Falcón starring Marton Csokas, Hayley Atwell, PREVIEW

Marton Csokas as Falcón. Pics: BSkyB

Rating: ★★★★

Sky Atlantic: Thursday, 15 November, 10pm

Story: Javier Falcón investigates a series of particularly brutal murders, which lead him to uncover shocking buried truths about his own family’s history.

The grand tour of European crime scenes continues on Sky Atlantic with this Spanish jaunt in the company of brooding Seville detective Falcón.
This is the fledgling channel’s second crime drama commission following Chloe Sevigny’s Hit & Miss earlier this year, and confirms Sky Atlantic as a maker of distinctive, edgy new series.
Bog standard police procedural it ain’t. It’s a dark nourish tale, vividly directed by Pete Travis, capturing the sour side of a spectacularly lovely city.

Falcón – charismatic, vulnerable
Marton Csokas, who viewers may know from fantasy and epics such as The Lord of the Rings, Kingdom of Heaven and on TV in Xena: Warrior Princess, here steps up to the leading role with panache, making Javier Falcón a charismatic, vulnerable hero. He is joined by a good cast – Charlie Creed-Miles as Falcón’s abrasive sidekick, Hayley Atwell as femme fatale, Bernard Hill as old family friend Ramon.
Falcón is based on the novels of award-winning British writer Robert Wilson, The opening two-part story, The Blind Man of Seville, begins with the torture and murder of a wealthy businessman.
The murder is intercut with scenes of Seville’s bustling Holy Week night-time procession, featuring those spooky pointy-hooded, Ku Klux Klan-like figures – a sequence immediately evoking the murky potential of this vivacious city.

Hayley Atwell is the victim’s widow
The victim is Carlos Jiminez, a rich guy with a serious prostitute habit despite his wife being Hayley Atwell. The killer has cut Carlos’s eyelids off.
Was it the wife, or her lover, behind the gruesome death? Falcón doesn’t think it was anything so mundane. When the last prostitute used by Carlos is also murdered, Falcón is convinced the perpetrator is sending some twisted message.
What lifts this first mystery out of ordinary is that it descends into a shocking tailspin for our hero. The investigation swirls around Carlos, a dodgy guy who once ran into serious problems in North Africa, which in turn resulted in his five-year-old son being kidnapped – a crime he never reported.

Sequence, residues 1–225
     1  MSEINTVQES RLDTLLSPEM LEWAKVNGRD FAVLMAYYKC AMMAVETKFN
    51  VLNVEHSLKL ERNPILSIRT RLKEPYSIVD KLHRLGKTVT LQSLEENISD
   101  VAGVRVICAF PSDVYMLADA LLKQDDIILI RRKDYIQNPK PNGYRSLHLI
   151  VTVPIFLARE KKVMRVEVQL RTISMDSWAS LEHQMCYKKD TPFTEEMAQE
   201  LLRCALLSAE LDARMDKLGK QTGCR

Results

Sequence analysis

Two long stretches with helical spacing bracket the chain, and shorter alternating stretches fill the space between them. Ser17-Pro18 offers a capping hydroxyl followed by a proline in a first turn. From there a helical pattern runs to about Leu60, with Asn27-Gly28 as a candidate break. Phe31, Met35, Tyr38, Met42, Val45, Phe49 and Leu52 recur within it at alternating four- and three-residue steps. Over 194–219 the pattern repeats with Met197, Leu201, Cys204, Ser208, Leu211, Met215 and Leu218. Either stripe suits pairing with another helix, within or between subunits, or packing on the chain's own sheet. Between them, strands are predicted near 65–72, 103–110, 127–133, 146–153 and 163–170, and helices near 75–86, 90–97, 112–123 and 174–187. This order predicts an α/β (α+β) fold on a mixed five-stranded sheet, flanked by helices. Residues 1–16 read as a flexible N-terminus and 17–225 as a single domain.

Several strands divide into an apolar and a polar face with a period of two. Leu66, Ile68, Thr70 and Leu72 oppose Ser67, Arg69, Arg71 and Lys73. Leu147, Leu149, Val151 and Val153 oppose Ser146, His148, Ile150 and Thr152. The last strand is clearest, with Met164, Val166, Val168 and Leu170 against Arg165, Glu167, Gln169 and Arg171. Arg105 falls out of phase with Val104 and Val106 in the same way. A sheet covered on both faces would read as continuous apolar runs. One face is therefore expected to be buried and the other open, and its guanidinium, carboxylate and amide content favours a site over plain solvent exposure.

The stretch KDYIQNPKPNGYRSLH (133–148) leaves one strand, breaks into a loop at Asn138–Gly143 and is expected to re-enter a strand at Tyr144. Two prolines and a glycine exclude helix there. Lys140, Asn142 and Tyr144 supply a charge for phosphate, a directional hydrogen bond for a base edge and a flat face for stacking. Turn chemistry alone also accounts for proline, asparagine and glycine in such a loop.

• The second Falcón mystery is The Silent and the Damned, Sky Atlantic, 10pm, starts Thursday 29 November
    The sudden death of an eminent Sevillian businessman draws Falcon into a dark conspiracy involving corruption and abuse at the highest level. Stars: Robert Lindsay, Bill Paterson
It’s personal for Falcón
Meanwhile, as Falcón sorts out the affairs of his recently deceased father, a distinguished artist, he begins to sense that the killer is triggering old childhood memories for him that no one apart from the detective could know about.
He is also dealing with his ex-wife, played by Emilia fox, who is now sleeping with his boss, the rather suave investigating judge.
Bernard Hill as Ramon
Of course, like watching Brits playing Italians in BBC1’s Zen, hearing the cockney and English voices portraying Spaniards requires a little suspension of disbelief.
Spain joins the TV Euro-crime invasion with Falcón
But Falcón is a pacy, flavoursome thriller, great to look at and absorbing, which culminates in shattering revelations for Falcón. The drama can certainly now hold his head up among the Swedes (Wallander, Sebastian Bergman), Dutch (Van der Valk), Italians (Inspector Montalbano), French (Spiral, Braquo), Danes (The Killing, The Bridge), and – soon – the Irish (C5’s Jack Taylor: The Guards).
Director Pete Travis reveals that Sky Atlantic said to him, ‘Don’t make something ordinary.’
Olé to that.

Cast: Marton Csokas Javier Falcón, Hayley Atwell Consuelo, Charlie Creed Miles Insp Ramirez, Santiago Cabrera Judge Calderon, Bernard Hill Ramon Salgado

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  1. Anonymous says:

    Is this family (pre-watershed suitable)?

    Love Emilia fox, did really well stepping into silent witness!


  2. It’s not really family-suitable – hence the 10pm slot. It has some grisly murders and adult themes.

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